0370 270 6000

already registered?

Please sign in with your existing account details.

need to register?

Register to access exclusive content, sign up to receive our updates and personalise your experience on brownejacobson.com.

Privacy statement - Terms and conditions

Court of Appeal confirms all employment tribunal judgments must be published on the register, except in national security cases

16 August 2019

On 9 August 2019, the Court of Appeal held that neither the employment tribunal (“ET") nor the employment appeal tribunal (“EAT”) had explicit power to prevent employment judgments from being published on the Register, except in cases concerning national security.

Under the ET Rules, all judgments and accompanying written reasons must be published on a pubic register which the general public can access online. Whilst there are certain qualifications to this rule (for example national security issues or protection of an individual’s human rights), the main reason for publication is to promote open justice. The Court of Appeal held that an order redacting a judgment further would be contrary to the principles of open justice and would also present practical difficulties.

In L v Q Ltd [2019] EWCA Civ 1417, the Claimant brought disability discrimination, harassment and victimisation claims against his employer. At the Claimant’s request, the ET granted permission for a private hearing and for party names to be anonymised. However, the ET also ordered that the judgment should not be placed on the register. The EAT set aside the ET’s order regarding publication and confirmed that the judgment should be published on the register, subject to redactions that were reasonably necessary to protect the parties’ identity.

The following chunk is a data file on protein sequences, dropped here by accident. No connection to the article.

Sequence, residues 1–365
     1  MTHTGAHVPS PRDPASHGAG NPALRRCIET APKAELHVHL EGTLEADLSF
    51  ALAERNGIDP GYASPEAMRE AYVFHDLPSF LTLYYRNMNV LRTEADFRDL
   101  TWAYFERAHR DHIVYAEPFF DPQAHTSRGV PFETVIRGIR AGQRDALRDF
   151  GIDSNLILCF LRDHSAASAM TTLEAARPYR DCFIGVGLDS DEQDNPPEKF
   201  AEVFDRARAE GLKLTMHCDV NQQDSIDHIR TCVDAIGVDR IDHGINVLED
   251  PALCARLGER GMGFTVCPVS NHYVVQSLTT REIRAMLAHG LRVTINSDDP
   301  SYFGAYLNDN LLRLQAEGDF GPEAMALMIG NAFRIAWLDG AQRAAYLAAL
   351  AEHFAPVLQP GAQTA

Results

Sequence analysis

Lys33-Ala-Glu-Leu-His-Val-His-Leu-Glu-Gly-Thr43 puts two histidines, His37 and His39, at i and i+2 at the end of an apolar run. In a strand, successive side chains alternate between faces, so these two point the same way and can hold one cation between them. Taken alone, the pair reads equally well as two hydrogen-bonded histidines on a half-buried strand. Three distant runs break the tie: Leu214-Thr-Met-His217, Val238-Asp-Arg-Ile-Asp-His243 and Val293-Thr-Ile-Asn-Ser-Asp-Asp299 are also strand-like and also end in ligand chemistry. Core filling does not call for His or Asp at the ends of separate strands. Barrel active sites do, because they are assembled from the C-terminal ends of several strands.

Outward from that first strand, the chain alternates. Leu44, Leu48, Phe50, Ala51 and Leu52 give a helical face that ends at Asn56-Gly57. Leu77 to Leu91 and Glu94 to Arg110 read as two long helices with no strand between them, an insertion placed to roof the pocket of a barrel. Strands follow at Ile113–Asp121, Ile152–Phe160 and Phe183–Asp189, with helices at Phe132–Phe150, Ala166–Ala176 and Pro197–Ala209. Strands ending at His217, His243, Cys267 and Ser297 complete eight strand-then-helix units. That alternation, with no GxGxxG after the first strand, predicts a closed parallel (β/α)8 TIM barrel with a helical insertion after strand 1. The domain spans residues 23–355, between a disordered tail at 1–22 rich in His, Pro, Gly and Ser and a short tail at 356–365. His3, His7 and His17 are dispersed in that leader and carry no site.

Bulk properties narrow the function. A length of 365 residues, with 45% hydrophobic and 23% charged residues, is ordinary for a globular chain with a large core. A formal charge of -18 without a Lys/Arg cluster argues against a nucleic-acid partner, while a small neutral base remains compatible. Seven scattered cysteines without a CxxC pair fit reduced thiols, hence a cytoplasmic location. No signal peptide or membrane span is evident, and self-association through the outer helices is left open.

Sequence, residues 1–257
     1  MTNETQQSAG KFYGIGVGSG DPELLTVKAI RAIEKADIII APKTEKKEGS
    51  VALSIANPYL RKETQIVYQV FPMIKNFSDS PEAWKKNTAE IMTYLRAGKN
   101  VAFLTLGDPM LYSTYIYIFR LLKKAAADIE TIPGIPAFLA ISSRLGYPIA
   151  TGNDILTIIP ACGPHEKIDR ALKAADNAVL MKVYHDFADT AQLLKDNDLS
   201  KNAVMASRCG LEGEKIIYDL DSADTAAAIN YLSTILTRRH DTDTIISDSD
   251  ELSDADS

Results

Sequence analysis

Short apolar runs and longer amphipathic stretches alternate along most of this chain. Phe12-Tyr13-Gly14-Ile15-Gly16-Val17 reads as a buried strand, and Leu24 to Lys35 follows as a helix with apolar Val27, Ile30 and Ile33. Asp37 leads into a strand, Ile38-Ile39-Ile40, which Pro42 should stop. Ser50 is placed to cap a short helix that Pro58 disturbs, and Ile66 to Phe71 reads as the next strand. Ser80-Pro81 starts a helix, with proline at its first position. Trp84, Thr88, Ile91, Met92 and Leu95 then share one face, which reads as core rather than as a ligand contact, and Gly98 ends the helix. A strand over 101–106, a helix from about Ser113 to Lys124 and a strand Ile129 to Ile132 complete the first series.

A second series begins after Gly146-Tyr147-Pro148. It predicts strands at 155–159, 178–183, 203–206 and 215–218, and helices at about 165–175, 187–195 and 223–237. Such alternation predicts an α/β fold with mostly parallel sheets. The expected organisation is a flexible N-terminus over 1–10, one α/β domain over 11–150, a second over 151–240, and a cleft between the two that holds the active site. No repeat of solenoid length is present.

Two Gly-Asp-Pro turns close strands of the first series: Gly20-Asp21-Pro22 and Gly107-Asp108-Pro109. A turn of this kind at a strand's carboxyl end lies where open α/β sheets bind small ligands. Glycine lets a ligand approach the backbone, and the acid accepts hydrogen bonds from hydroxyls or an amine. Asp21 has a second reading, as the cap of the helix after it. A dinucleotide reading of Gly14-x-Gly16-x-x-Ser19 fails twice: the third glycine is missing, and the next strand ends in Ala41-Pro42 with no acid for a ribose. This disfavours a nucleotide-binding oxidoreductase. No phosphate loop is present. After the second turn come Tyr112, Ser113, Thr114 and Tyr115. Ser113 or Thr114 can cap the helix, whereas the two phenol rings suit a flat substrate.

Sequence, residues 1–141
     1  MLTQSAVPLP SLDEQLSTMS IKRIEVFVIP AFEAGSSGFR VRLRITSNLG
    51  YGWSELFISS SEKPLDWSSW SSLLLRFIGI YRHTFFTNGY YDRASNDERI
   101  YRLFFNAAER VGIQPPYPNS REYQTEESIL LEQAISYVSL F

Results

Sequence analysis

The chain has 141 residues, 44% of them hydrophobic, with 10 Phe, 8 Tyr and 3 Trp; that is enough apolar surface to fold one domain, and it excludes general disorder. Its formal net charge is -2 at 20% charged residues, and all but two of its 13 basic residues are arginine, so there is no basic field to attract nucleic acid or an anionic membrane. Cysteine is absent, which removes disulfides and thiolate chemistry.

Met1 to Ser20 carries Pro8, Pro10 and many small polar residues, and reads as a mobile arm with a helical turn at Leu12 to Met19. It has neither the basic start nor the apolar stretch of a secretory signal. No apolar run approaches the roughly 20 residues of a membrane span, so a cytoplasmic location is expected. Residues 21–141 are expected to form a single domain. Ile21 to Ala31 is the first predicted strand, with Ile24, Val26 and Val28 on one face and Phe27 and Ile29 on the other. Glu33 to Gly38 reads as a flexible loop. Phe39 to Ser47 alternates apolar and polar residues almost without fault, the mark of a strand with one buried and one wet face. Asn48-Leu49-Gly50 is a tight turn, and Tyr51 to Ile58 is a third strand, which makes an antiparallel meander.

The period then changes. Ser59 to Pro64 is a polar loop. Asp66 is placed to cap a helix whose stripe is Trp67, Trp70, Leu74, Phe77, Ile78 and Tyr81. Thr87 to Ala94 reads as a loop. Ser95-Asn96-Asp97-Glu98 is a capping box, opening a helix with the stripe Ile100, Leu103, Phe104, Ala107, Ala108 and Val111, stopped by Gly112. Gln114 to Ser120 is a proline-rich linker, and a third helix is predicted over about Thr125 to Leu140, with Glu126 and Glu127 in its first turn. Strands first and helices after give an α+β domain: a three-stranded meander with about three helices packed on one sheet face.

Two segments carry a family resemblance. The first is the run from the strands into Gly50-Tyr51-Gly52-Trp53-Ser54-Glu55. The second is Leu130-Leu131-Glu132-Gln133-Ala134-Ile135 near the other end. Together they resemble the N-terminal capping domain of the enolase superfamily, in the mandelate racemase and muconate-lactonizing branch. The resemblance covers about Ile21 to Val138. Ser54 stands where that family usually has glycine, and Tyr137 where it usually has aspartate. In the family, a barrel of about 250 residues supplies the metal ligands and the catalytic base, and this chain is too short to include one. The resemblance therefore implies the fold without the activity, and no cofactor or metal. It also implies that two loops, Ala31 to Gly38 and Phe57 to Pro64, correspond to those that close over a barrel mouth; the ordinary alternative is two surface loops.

The Claimant applied for permission to appeal the EAT’s decision and the following orders were sought on the basis they would be reasonable adjustments for the EAT to make:

  1. The judgment should not contain the nature and effect of the Claimant’s disabilities and two disturbing matters related to his disabilities; and
  2. The Claimant should be given the option of withdrawing his claim rather than having the judgment published on the register.

Clients should be aware, before a claim is presented, that on the determination of the case, the judgment and written reasons will be easily accessible to the general public to read in all but a very limited number of cases, although some redactions may be possible. The Court of Appeal has made clear that whilst redactions can be made to protect the parties and witnesses’ identity in some instances, judgments and written reasons will not be redacted to the extent that the documents become unclear to the general reader.

related opinions

Important opportunity to comment on case law precedent

The UK government is considering extending this power to depart from retained EU case law to additional lower courts and tribunals, namely the Court of Appeal in England and Wales and the High Court of Justice in England and Wales and their equivalents.

View blog

Furloughed employees entitled to full pay for redundancy purposes

The government has brought in new legislation to ensure that any employees who have been furloughed will have their statutory redundancy pay calculated based on their full-time wages as opposed their furloughed pay in the event that they are made redundant.

View blog

Return to work – all change or more of the same?

The Government has announced that its workplace guidance will change with effect from 1 August and its “work from home” message will be removed.

View blog

Will there be a return of employment tribunal fees?

The Government is reportedly considering the reinstatement of tribunal fees in respect of employment claims.

View blog

mailing list sign up



Select which mailings you would like to receive from us.

Sign up